Rav Feinstein further states it is wrong to punish children with bitul Torah. This is because the damage done through removing them from Torah is clear and present, whereas the benefit gained from the suspension is questionable.
Both Rav Moshe Shternbuch, author of the Teshuvos v’Hanhagos (Vol. I # 839), and Rav Shmuel Vosner, zt’l, author of the Shevet HaLevi (Volume X #162), on the other hand, seem to disagree with (or reinterpret) Rav Feinstein’s position. Rav Shternbuch explains that when the seriousness of lashon ha’ra is explained then there is no prohibition in the rebbe asking.
It should also be noted that in the sefer Chofetz Chaim (10:17, footnote 43) there is indication that a melamed does have a freer hand when his intention is to correct.
In recent years, the problem has been somewhat mitigated due to the advent of video cameras. Now, a menahel can find out what he needs to know to ensure the prevention of spiritual corruption of the students by watching the video footage. Nonetheless, the issue has not been eliminated and the question still arises quite often.
There are two other factors as well. The first factor is that, as a general rule, children do not feel comfortable being placed in such a position and can develop a resentment toward the Torah authorities for placing them in such a position. The second factor is that at times the child will think it is wrong and a violation of Torah values. Forcing a child to go against his family values is not good chinuch per se. This is why many poskim and parents try to follow Rav Moshe’s psak.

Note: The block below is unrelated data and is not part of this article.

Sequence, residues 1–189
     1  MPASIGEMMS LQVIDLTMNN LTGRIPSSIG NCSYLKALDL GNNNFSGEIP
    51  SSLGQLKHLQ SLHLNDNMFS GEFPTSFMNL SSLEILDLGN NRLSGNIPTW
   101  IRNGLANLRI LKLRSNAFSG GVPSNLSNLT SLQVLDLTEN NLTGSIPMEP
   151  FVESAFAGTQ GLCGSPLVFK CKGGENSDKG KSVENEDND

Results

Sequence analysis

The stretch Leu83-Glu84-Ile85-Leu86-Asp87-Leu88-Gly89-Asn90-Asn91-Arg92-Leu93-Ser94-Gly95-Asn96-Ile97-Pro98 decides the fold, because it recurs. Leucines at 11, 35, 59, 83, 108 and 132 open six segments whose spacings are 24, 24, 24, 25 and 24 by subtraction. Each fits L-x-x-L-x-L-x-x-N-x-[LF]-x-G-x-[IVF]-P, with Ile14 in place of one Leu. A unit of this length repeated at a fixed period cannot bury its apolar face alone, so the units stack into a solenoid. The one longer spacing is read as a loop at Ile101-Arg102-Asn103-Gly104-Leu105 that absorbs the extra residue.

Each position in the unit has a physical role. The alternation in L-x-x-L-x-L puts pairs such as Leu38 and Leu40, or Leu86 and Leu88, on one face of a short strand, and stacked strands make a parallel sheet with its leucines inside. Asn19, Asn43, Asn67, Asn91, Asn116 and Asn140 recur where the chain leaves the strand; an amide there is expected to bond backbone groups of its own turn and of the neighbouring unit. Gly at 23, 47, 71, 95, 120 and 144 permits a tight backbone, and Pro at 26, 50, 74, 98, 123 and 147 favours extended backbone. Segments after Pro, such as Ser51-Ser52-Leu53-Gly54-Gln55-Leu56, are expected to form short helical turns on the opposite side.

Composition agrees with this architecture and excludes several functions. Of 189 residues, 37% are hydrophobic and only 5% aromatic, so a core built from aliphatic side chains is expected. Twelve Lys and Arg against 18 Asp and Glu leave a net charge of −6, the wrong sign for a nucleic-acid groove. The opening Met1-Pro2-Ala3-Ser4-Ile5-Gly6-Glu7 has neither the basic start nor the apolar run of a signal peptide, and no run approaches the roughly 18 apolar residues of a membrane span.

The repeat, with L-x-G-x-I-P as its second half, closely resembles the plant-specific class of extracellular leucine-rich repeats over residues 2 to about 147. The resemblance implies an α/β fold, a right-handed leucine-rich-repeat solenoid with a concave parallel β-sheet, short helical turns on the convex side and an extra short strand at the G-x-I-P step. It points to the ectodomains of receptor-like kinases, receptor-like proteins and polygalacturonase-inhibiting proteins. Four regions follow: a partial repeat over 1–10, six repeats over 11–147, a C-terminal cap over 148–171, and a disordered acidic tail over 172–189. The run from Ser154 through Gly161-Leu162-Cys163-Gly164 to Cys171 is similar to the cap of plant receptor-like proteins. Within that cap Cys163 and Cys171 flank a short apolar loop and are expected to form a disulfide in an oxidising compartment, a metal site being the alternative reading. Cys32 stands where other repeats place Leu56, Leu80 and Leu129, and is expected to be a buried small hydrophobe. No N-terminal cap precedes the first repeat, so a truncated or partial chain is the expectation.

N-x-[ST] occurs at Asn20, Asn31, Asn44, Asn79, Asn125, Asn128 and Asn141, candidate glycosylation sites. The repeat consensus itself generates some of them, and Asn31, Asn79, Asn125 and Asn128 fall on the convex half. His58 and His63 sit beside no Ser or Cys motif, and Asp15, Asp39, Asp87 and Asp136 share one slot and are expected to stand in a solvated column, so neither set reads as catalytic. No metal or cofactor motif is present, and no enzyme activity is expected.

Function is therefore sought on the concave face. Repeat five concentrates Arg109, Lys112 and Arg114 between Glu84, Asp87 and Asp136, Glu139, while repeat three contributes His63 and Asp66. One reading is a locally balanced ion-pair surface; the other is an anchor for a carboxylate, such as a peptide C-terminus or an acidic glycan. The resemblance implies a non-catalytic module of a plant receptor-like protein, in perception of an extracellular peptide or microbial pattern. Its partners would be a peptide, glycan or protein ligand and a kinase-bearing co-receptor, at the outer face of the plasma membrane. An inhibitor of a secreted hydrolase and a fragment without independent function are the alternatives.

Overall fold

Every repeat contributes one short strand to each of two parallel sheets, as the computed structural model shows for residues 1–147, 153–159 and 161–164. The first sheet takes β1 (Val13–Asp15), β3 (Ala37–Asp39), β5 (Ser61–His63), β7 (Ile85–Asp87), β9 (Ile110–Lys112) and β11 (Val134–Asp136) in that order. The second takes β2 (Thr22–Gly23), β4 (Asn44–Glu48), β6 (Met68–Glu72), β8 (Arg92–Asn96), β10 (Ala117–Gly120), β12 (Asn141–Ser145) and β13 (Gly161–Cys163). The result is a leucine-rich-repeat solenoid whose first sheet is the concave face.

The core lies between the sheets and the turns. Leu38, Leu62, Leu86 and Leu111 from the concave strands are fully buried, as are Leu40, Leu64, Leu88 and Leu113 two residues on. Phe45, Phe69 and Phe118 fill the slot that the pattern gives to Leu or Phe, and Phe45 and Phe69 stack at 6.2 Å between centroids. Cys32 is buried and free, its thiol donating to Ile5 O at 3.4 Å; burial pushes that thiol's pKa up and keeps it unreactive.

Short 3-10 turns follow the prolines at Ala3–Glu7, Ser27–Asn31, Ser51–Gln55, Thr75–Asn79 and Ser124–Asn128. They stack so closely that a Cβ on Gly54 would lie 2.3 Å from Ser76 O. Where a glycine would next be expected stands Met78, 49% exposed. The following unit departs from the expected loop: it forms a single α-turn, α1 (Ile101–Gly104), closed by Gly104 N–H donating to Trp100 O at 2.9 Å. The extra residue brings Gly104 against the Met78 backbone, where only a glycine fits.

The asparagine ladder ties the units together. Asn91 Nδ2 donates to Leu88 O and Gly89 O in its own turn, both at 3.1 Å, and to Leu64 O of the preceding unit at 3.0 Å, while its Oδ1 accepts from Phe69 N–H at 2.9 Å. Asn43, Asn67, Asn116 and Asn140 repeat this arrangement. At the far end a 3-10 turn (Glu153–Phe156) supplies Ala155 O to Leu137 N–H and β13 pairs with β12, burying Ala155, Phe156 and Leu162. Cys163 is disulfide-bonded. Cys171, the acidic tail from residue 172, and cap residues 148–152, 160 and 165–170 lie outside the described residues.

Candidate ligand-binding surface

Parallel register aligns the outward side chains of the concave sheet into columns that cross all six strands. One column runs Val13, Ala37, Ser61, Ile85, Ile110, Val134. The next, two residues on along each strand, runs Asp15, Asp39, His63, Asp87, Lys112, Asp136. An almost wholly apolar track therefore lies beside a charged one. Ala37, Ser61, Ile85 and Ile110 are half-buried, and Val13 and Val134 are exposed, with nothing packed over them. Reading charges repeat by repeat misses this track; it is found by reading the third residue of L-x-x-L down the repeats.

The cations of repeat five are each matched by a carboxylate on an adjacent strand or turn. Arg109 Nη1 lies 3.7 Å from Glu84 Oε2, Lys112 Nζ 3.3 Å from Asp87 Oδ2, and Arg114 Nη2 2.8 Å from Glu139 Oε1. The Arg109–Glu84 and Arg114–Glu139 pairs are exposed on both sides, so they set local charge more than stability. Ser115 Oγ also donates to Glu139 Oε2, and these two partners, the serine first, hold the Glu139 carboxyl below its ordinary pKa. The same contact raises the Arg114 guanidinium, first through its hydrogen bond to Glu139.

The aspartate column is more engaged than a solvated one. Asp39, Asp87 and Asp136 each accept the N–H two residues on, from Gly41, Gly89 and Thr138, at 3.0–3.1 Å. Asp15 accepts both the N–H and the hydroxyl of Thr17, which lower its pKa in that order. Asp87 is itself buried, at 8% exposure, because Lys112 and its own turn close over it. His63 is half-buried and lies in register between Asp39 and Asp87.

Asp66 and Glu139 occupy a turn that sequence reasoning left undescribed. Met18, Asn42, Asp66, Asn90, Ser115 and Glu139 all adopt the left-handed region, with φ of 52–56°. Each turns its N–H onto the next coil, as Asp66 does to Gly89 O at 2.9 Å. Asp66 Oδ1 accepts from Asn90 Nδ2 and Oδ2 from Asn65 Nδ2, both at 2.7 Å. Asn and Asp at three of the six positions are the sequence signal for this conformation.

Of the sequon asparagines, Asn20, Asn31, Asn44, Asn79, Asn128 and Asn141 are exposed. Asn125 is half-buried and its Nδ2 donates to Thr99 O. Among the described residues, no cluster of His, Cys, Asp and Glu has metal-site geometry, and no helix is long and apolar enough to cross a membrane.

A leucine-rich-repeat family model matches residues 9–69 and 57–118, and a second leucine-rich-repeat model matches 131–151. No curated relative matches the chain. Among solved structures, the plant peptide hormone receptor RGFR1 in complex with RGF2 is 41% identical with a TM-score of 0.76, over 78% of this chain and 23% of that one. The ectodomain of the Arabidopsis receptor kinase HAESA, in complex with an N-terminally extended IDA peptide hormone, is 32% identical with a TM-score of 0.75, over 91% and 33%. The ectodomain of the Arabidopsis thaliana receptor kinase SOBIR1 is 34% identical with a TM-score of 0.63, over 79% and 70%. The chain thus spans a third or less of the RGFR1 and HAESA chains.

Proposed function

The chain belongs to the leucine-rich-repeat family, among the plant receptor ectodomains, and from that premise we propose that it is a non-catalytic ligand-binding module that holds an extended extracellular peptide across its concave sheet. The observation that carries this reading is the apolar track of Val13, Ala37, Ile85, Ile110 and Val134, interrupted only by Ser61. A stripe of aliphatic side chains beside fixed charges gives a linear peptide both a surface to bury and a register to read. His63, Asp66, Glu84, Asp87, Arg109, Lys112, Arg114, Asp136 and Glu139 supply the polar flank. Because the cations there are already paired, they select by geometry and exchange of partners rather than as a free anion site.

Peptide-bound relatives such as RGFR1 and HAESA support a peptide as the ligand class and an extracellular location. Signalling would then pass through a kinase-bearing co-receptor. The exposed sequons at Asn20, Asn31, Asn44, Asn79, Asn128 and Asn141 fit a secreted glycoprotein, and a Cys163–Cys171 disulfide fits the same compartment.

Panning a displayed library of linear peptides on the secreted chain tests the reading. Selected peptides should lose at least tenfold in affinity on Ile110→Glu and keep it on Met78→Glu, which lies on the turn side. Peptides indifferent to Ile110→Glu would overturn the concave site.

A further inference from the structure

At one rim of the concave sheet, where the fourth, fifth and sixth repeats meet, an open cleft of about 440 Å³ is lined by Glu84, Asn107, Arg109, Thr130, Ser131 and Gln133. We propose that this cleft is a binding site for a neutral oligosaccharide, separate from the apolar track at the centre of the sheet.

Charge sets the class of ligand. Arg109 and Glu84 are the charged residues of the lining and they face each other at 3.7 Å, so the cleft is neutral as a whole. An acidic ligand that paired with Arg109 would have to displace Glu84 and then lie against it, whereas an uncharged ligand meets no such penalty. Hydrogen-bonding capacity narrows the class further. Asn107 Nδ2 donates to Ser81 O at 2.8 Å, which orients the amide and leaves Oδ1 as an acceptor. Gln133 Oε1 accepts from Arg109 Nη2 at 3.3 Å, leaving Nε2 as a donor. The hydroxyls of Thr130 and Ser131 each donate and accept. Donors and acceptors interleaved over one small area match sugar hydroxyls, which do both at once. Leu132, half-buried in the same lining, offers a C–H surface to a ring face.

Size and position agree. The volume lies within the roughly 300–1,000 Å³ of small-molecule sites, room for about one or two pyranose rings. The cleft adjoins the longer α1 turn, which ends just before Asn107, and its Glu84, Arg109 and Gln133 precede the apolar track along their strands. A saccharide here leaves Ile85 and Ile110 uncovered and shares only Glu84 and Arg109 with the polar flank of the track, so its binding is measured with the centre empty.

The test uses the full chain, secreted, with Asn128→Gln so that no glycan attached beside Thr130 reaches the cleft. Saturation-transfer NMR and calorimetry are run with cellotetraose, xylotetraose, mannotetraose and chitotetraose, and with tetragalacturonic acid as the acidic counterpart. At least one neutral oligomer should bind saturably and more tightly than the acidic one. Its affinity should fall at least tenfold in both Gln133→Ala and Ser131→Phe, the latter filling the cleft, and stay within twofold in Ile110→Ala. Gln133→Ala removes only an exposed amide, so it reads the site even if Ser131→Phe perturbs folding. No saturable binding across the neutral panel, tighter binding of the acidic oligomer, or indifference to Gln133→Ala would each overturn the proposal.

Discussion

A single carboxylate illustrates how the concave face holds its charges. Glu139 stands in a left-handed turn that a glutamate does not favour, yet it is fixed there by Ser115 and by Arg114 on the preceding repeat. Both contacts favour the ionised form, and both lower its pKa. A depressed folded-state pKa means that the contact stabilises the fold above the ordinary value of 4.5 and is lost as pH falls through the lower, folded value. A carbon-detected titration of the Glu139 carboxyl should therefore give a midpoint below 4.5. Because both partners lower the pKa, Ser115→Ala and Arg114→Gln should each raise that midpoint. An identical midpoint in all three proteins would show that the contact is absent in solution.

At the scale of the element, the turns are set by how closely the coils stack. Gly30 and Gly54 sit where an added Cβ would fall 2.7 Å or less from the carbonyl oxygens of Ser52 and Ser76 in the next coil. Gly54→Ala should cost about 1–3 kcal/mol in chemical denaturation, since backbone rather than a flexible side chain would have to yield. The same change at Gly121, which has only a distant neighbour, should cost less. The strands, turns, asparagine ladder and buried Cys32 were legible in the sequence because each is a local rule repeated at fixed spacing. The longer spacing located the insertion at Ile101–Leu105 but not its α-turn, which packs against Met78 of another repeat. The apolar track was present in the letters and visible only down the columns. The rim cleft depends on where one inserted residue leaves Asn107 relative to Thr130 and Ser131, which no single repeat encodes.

Rav Chaim Kanievsky’s Ruling
“It is an avlah (terrible thing) that a bachur should have a telephone, but the person does not have to say and he is not obligated to say — even if the bachur possessing the phone is doing an avlah.” Rav Chaim Kanievsky further related an incident that happened in a seminary where one young lady wished to copy off another in an exam. The second one allowed it, but the young lady who was copying was caught and it became quite a serious matter. Rav Chaim wrote the seminary dean that the one who allowed the other to copy should not be punished. Notwithstanding that the first chose to do an avlah, the second was merely assisting her. The dean, however, should do as he sees fit.
[The second part of the incident seems strange to this author on account of the issue of “lifnei iver,” putting a stumbling block to the blind.]
Every parent should check with his own rav or posek as to how to instruct his children. However, it is clear that if it is a matter of physical pikuach nefesh, even Rav Moshe would allow it. This author’s view as to what might constitute exceptions to Rav Moshe’s guidelines would be drug-dealing, heavy alcohol use, and matters involving an eating disorder. Of course, the culture at each school may be different, and even in general, the schools and parents should check with their own posek.
The author can be reached at Yairhoffman2@gmail.com.